Which Way Forward for the Left?
Letter published in Labour Worker, April 1967, at a time when I had briefly dropped out of the International Socialists. One of the Cliff articles referred to is at http://www.marxists.org/archive/cliff/works/1967/01/labour.htm (See also pp. 269-70 of my biography of Cliff).
The present political perspective of Labour Worker, outlined in Tony Cliff’s recent series of articles, and implicit in the paper as a whole, seems to be as follows: the importance of the Labour Party as a field of activity for socialists is declining, and in particular the traditional parliamentary leadership of the left has exhausted its potential; the real challenge to capitalism comes from the fragmented but militant struggles in the factories, and by tenants and other sections of the rank-and-file.
All this is true and needs to be said; illusions about parliament, lobbying and resolution-passing are still rampant. But in itself it is only half a perspective.
Labour Worker has been deliberately vague about what seems to me a central question. Do fragmented struggles naturally and automatically become political, or is there not rather a grave danger that they can fizzle out and collapse? Labour Worker attaches great importance to the growth of strong shop-floor organisation in a period of full employment and wage-drift. But the future for such militancy appears dubious, as steady unemployment and entry to the Common Market become part of the political complex.
Already in 1966 Britain had fewer strikes than in any year since 1953, with sharp falls in working days lost in industries like motor vehicles and engineering.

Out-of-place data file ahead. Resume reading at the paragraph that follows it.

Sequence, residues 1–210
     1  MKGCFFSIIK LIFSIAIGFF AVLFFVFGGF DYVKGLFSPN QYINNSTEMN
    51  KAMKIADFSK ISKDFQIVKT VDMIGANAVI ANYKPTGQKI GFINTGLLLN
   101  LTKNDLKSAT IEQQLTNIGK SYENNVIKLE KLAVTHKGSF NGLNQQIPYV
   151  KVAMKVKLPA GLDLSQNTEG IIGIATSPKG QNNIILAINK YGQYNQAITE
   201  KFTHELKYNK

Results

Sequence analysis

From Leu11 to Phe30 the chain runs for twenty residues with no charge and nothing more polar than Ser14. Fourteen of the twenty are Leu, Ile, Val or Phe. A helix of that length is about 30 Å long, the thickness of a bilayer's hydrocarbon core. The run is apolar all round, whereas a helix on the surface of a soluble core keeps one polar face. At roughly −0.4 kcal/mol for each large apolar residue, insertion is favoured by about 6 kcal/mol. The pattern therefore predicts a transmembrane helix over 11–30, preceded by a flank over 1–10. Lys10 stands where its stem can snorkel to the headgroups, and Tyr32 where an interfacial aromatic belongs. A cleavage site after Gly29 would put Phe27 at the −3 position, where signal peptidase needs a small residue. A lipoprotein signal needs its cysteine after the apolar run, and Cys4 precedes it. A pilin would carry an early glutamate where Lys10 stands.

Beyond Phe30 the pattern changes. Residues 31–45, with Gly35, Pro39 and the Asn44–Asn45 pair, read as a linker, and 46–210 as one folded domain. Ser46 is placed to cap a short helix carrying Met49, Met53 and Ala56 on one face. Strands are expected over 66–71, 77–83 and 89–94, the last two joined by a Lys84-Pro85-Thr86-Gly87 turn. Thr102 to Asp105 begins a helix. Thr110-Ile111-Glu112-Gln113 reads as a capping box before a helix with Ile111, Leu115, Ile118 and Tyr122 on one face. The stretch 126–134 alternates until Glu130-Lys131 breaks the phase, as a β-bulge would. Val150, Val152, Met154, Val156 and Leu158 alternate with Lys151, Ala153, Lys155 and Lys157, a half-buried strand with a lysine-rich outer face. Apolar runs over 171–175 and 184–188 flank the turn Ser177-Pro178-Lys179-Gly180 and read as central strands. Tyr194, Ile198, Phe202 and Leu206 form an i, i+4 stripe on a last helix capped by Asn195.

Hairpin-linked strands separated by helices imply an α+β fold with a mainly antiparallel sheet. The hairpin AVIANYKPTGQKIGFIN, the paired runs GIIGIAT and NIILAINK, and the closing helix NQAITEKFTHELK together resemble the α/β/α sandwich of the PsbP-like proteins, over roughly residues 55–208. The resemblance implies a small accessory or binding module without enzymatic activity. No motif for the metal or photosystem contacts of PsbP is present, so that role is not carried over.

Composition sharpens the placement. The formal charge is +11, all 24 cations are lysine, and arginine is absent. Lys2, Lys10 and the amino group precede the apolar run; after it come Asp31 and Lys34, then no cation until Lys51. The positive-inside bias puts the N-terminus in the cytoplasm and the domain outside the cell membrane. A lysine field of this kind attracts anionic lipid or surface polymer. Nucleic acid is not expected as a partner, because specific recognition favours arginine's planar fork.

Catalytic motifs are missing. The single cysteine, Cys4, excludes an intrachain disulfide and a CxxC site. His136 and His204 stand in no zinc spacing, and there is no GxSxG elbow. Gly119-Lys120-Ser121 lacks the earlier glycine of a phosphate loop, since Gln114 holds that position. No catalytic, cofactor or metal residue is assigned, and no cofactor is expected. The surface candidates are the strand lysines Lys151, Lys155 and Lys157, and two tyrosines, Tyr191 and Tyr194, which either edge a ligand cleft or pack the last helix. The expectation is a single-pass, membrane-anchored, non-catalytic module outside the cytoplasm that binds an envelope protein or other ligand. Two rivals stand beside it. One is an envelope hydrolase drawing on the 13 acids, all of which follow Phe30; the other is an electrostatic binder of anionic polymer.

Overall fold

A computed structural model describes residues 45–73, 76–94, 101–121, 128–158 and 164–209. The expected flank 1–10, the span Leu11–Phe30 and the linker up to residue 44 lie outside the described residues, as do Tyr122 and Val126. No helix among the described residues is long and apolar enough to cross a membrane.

Of course, developments like the introduction of trade-union legislation, or even Wilson’s denunciation of political interference in the seamen’s strike, contribute to raising the level of political awareness. But the task of politicisation cannot be left to the enemy and the natural pattern of circumstances. The need is for a much sharper political analysis and campaign.
The growth of bodies like the London Shop Stewards’ Defence Committee is one of the most encouraging developments of the last year. Nonetheless, the propaganda put out by such bodies seems to be largely directed to militancy on the factory level, and to imply that such militancy is self-sufficient.
Of course, such bodies cannot transform themselves overnight into political parties. But militants within them should raise the political issues and perspectives with much more clarity than anyone seems to be doing at the moment, even at the cost of losing a few friends.
The fragmentation of the left is reflected in the campaign against the Vietnam war. Even the best sections of the anti-war movement are immersed in the organisation of a War Crimes Tribunal which, though a useful publicity gimmick, will show no more than that wars are unpleasant. Meanwhile, many sections of the “hard” left give only token opposition to US imperialism to concentrate their energies on “more immediate” issues.
In fact, Vietnam could be central to an explanation of the relation between Britain’s economic crisis and the crisis of international capitalism.
In the Labour Party, marxists always rejected the call for “unity” when it was not clear what the unity was for. Unity of the left in the present situation cannot be at the price of concealing or suppressing political differences. To suggest that there can be unity with such men as Frank Cousins or the leadership of the Communist Party in the struggle against the wage freeze is to spread illusions that could be more dangerous and long-lasting than the freeze itself.
The need, then, is for revolutionary groups not to “submerge” themselves in rank-and-file struggles, but to establish an open political identity which can be a focus for the various partial struggles. If such open identification means expulsion from the Labour Party, at least expulsion is better than impotence.
To cite the case of the Socialist Labour League is irrelevant; the SLL’s open break was sectarian, hysterical and adventurist. Its failure merely poses anew the problem of how to build a revolutionary alternative that can lead out of the morass of economic fragmentation into a political challenge to British and international capitalism.